– photo by Mitch Waxman

As mentioned in the past, it doesn’t matter if a tugboat is pushing or pulling, it’s called “towing.” Next week, I’ll show you the sunset shots, but for now, I’m not sure what the next few days hold. Looks like the heat is going to break and that’s going to bring a bunch of storms into play, but I’m anxious to try out the new NYC Ferry Staten Island Route. The plan is to take the 7 to the 34th street dock, ride to St. George, get on the big orange boat and head back to Manny Hatty. Once in the City, I’ll shop over to Pier 11 and head back home via the Astoria route.

That’s me, I now commute for fun.


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Buy a book!

In the Shadows at Newtown Creek,” an 88 page softcover 8.5×11 magazine format photo book by Mitch Waxman, is now on sale at blurb.com for $30.

Written by Mitch Waxman

August 27, 2021 at 11:30 am

without beginning

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Wednesday

– photo by Mitch Waxman

While I was waiting for what seemed like a promising sunset at the Maspeth Avenue Plank Road at Newtown Creek, the Helen Laramy tugboat appeared out of nowhere.

Well… not “nowhere,” more like East Williamsburg. Regardless, one snatched the camera up off of the tripod and followed its journey west.

– photo by Mitch Waxman

“Nothing matters” and “why bother” were echoing in my mind throughout the early summer, and one became a bit depressed. What followed was a thunderbolt realization that has helped shape my thoughts since.

One has fully embraced sociopathy. I literally don’t care about anything anymore and have decided to be both brutally honest and uncaring about your feelings at the same time. I don’t plan on following this sociopath lifestyle all the way to serial killer, but conversely I don’t give a flying flip what anyone else perceives anymore. It’s actually been quite liberating.

– photo by Mitch Waxman

Thereby, I do look forward to not attending hundreds of funerals for the unvaccinated. Additionally, I look forward to saying “I told you so” to as many of their heirs as I can. Whatever death cult you’re a member of, good for you.

I’ll be at the Newtown Creek, safe as houses, while y’all fight over national borders and all the other idiotic obfuscations your masters can conjure up.


“follow” me on Twitter- @newtownpentacle


Buy a book!

In the Shadows at Newtown Creek,” an 88 page softcover 8.5×11 magazine format photo book by Mitch Waxman, is now on sale at blurb.com for $30.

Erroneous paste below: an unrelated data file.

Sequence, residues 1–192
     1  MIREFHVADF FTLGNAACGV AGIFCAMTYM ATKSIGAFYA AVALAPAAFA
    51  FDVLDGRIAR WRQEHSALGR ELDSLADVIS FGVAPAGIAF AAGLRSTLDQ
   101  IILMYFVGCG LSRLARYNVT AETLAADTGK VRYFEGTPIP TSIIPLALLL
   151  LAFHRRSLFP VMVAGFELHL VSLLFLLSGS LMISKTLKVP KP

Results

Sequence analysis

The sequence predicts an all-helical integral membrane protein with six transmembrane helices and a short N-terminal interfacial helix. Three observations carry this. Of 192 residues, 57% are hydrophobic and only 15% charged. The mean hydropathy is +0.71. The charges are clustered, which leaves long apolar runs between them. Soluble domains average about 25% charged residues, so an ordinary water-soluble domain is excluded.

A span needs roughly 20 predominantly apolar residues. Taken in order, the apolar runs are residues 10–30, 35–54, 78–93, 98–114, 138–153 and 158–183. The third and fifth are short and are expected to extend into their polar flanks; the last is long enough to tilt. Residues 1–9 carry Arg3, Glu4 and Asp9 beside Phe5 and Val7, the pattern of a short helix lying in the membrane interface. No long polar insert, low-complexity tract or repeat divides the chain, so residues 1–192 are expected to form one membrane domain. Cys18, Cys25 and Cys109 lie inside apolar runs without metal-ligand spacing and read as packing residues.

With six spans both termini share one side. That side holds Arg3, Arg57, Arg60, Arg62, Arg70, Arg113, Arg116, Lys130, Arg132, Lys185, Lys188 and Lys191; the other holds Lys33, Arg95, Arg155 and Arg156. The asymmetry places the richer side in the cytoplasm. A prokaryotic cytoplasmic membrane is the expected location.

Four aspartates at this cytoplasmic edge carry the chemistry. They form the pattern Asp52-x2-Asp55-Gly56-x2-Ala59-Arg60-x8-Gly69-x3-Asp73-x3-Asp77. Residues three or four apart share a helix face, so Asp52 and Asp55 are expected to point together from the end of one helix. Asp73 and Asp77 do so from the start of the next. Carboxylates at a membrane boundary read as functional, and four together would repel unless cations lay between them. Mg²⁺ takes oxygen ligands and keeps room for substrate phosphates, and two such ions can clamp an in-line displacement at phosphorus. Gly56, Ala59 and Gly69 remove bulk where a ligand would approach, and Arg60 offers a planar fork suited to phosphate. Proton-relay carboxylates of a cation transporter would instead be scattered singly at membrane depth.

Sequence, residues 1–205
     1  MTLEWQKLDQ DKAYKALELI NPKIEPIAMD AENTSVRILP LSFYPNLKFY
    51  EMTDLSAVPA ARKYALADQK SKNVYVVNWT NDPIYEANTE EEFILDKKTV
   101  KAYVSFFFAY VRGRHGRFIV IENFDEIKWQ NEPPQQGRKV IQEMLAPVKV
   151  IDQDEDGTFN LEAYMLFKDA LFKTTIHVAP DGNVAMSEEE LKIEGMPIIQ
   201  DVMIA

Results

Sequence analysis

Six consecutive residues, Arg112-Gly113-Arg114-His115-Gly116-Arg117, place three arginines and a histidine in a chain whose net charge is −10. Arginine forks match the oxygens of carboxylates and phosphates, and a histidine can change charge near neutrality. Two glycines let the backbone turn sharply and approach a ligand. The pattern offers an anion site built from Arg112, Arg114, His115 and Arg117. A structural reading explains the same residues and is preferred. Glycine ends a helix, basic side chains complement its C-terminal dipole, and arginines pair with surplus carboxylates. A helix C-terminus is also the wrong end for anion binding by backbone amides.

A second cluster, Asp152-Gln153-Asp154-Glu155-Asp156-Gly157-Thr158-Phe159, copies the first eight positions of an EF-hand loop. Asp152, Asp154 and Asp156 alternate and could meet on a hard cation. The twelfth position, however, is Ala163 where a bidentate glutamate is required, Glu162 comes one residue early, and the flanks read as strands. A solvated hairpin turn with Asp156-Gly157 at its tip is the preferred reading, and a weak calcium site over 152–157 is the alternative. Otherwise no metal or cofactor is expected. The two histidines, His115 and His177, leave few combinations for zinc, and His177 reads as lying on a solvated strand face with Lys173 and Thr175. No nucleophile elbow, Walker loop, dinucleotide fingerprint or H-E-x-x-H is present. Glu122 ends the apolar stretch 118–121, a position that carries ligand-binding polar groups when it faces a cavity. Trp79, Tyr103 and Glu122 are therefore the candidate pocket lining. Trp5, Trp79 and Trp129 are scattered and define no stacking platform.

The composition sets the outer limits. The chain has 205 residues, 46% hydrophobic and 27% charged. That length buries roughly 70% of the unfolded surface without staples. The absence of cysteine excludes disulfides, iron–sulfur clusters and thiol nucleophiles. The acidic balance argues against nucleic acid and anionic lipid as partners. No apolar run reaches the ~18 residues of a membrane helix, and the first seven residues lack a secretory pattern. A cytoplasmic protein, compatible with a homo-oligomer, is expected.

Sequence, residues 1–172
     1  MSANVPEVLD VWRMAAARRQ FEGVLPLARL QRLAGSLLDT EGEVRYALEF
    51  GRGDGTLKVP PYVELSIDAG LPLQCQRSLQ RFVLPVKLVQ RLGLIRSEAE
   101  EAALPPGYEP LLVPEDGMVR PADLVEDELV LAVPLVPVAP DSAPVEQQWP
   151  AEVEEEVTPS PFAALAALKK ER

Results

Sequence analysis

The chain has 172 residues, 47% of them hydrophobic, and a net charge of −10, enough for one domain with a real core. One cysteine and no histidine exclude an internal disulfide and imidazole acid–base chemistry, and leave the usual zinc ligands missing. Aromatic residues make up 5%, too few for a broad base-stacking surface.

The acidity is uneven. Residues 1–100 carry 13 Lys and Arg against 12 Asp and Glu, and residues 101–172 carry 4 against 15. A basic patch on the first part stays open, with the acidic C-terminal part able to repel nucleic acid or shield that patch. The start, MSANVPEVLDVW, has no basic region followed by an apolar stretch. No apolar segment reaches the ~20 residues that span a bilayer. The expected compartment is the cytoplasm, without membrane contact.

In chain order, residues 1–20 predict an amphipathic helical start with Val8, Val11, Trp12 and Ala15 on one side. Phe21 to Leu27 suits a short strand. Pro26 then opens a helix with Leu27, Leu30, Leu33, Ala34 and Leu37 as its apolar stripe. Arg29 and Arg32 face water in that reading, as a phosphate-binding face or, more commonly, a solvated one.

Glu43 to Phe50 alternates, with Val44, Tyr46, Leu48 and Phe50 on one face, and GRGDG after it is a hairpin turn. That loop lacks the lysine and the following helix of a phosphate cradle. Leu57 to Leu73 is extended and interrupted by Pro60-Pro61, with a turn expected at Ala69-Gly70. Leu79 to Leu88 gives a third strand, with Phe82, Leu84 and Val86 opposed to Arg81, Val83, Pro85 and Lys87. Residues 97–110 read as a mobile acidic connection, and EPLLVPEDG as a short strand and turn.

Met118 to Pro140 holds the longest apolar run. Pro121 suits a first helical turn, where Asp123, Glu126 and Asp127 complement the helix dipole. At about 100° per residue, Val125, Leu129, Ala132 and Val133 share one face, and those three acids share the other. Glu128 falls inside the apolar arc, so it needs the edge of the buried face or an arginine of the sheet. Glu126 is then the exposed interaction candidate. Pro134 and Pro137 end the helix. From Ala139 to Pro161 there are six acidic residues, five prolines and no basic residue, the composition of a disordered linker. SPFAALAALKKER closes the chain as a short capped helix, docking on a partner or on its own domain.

Written by Mitch Waxman

August 11, 2021 at 11:00 am

black plastic

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Mi chiamo Wednesday

– photo by Mitch Waxman

Last Friday, a humble narrator decided to spend the afternoon on the water, so yet another ticket for the NYC Ferry was purchased. This particular trip paid off for me in terms of seeing maritime industrial activity, but truth be told – once a boy has visited the Kill Van Kull on a busy night, he’s jaded. The central section of the East River isn’t exactly super interesting in terms of variety and quantity of shipping activity, but it’s definitely got the best backgrounds.

That’s the Paula Atwell tug, towing a barge of what is likely either sewer solids or garbage, rounding the bend nearby Corelars Hook under the Williamsburg Bridge.

– photo by Mitch Waxman

The NYC Ferry swings over to Manhattan’s 34th street street for one of its stops, and our Captain navigated that by moving past the north side of U Thant Island. Formerly Belmont Island, this little pile of rocks sits in front of the United Nations Building, and it’s manmade. Literally, these stones were the mining spoils for what we call the 7 train’s tunneling operation. U Thant was a United Nations Secretary General for whom the little island was renamed for when it was converted to a bird sanctuary and taken over by the NYC Parks Dept.

– photo by Mitch Waxman

My ride continued south, and two more tugs – a large Reinauer one (gold and red) towing a fuel barge and a smaller DonJon one (blue) towing two empty bucket barges – rounded the bend in the river at Corlears Hook, opposite the Brooklyn Navy Yard.

Did you know that the Williamsburg Bridge was considered to be so hideous in the years after it was built that the Municipal Arts Society was formed to ensure that nothing like it ever got built again?

Speaking of ugly… what are you doing on August 7th? I’ll be conducting a WALKING TOUR OF LONG ISLAND CITY with my pal Geoff Cobb. Details and ticketing available here. Come with?


“follow” me on Twitter- @newtownpentacle


Buy a book!

In the Shadows at Newtown Creek,” an 88 page softcover 8.5×11 magazine format photo book by Mitch Waxman, is now on sale at blurb.com for $30.

Written by Mitch Waxman

August 4, 2021 at 12:00 pm

Posted in East River, Tugboat